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labour dispute

As some teachers briefly walked off the job this week and others worked to rule, Dalton McGuinty fondly recalled how another recent labour dispute ended reasonably amicably.

By returning to the bargaining table after walking away from it, the Ontario Premier said, doctors demonstrated that even after "a very rocky road" it was possible to arrive at a mutually agreeable outcome.

The suggestion that teachers should follow the doctors' lead sounds reasonable in principle. It is also either naive or a shade disingenuous.

Both the government and the province's two biggest teachers' unions are backed into corners, which means students are likely to be affected well into the new year.

And among the main reasons is that, unlike it did with the Ontario Medical Association, the government didn't leave enough room for face-saving compromises.

That was always going to be easier with the doctors, because there was more room for manoeuvring. The OMA represents 62 sections, with highly complicated fee schedules. So during this fall's negotiations, its leaders were able to propose a range of changes to restraint measures the government imposed last spring – taking money from some places and directing it toward others, in ways palatable to most members.

But while the options with teachers were more limited, Mr. McGuinty's Liberals narrowed them more than necessary. Off the top, for instance, the government announced that it would not even consider raising the caps on class sizes – a cost-saving mechanism that some teachers might have accepted, but that was deemed politically unpalatable.

In negotiations with the relatively agreeable Ontario English Catholic Teachers Association, the government still managed a bit of give-and-take – slowing increases on the "salary grid" for younger teachers rather than freezing them, in return for a few unpaid days.

It then effectively told the other unions that they had lost the right to shape their own contracts. Instead, they would be stuck with the framework of the OECTA deal, which also ends the banking of sick days.

None of this will strike most private-sector workers as unreasonable, given the province's fiscal woes and the generous raises teachers have enjoyed for nearly a decade. But the fact is that union leaders are more concerned with their members' perceptions than those of the general public. And to get their support for new contracts, they have to be able to show they accomplished something in negotiations.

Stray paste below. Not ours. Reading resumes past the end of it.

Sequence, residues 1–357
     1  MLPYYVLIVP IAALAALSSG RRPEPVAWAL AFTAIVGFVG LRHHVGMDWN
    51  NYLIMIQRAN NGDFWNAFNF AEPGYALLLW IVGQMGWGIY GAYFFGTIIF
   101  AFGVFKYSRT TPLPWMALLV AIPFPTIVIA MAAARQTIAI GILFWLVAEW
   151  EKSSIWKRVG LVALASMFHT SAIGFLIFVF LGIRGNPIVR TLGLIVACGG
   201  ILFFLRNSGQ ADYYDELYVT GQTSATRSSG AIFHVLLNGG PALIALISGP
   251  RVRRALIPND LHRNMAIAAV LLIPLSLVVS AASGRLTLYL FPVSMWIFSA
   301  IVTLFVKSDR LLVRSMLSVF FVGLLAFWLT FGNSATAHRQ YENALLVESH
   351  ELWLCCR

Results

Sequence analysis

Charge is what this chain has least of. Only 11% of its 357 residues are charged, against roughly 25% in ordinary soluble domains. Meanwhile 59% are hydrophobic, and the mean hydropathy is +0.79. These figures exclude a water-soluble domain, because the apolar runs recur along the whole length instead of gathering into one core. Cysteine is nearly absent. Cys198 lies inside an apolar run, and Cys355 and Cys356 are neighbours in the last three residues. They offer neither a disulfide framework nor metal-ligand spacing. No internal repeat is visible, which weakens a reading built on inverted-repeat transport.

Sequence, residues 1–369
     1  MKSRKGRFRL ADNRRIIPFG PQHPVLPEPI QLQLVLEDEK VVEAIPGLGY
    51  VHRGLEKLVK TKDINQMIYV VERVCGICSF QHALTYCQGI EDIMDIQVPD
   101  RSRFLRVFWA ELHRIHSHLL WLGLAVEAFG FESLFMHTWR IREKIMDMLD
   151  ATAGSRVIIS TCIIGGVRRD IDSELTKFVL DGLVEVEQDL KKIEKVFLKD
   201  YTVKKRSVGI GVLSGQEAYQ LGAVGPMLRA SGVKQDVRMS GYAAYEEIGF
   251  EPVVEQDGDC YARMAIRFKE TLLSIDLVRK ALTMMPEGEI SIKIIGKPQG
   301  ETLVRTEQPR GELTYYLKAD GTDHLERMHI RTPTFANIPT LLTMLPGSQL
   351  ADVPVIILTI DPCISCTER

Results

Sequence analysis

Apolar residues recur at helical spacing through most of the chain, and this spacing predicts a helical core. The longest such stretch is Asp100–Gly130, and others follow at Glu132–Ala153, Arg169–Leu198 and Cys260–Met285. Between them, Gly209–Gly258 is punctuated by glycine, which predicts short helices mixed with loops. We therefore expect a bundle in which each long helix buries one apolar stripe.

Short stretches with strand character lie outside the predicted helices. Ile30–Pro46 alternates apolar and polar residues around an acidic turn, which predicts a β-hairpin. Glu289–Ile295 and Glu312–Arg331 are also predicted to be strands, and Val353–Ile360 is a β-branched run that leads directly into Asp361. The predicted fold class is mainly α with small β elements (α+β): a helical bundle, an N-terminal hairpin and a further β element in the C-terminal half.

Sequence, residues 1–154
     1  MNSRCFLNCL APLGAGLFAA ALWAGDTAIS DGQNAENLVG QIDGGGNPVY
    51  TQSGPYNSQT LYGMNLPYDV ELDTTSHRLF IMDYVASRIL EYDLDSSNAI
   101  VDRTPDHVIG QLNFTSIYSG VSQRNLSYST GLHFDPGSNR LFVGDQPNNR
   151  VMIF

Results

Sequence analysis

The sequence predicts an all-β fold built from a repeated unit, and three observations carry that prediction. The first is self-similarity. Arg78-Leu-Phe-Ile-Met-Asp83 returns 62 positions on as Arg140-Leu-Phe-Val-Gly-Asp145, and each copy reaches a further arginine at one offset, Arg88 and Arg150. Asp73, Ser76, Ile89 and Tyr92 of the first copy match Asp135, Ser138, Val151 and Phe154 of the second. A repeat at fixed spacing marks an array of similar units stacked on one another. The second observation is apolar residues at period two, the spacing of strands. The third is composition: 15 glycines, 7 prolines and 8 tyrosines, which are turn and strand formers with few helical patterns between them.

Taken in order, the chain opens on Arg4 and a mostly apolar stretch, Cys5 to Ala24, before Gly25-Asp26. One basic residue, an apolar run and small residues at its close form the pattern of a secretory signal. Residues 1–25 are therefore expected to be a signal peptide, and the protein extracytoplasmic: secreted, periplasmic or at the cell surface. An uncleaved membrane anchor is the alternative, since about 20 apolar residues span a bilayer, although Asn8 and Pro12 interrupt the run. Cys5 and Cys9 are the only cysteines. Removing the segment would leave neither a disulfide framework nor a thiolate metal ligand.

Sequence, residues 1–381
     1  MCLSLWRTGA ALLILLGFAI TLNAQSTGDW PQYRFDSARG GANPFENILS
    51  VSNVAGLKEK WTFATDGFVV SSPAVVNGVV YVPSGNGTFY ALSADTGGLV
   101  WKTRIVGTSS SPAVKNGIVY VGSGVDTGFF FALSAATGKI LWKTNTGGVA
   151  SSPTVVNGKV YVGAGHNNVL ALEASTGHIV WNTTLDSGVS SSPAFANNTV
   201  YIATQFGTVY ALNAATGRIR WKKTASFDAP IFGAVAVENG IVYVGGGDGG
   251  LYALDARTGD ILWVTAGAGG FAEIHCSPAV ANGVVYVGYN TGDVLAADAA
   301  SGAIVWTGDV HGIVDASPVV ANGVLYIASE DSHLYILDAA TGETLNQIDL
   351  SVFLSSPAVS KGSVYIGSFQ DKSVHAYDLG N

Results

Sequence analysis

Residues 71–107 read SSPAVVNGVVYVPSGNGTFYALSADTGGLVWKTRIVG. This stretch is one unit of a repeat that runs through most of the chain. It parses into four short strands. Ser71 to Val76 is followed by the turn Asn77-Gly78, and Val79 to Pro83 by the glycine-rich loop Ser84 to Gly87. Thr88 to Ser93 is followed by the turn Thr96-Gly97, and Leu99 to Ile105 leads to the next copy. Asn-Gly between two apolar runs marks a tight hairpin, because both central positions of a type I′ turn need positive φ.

With the passage of the controversial Bill 115 at the start of the school year, the Liberals (with support from the opposition Progressive Conservatives) made that all but impossible.

Beyond raising the temperature by giving government the power to impose new contracts and limiting teachers' right to strike, the bill decreed that any agreements reached by a deadline of Dec. 31 had to be "substantively identical" to the OECTA deal.

In the rare instances when this did not prevent negotiators from reaching agreements, it impeded their ratification.

While there were some mild compromises in deals reached between three school boards and the Ontario Secondary School Teachers' Federation, Education Minister Laurel Broten felt compelled to say they were not substantively different from the government's demands. Teachers subsequently rejected two of the three, and from that point, collective bargaining lost steam.

As for the Elementary Teachers' Federation of Ontario, the biggest and most militant of the unions, consensus may have been a remote possibility from the get-go.

In any event, the government appears to have abandoned hope of it some time ago.

So now, both sides are hurtling toward the unilateral imposition of new contracts at the end of the month.

And while rotating one-day strikes currently being staged by ETFO will be illegal past that point, the OSSTF's more damaging withdrawal of extracurricular supports – which could hurt high-school students – might well continue.

At the least, the unions will have an incentive to make schools dysfunctional until the Liberals choose a replacement for Mr. McGuinty at the end of January: to persuade the person who wins the leadership to invest in making peace.

Mr. McGuinty could yet decide to make his successor's life easier by offering some gives himself. But it would require an epic climb-down to make even a rocky road of what currently looks like a dead end.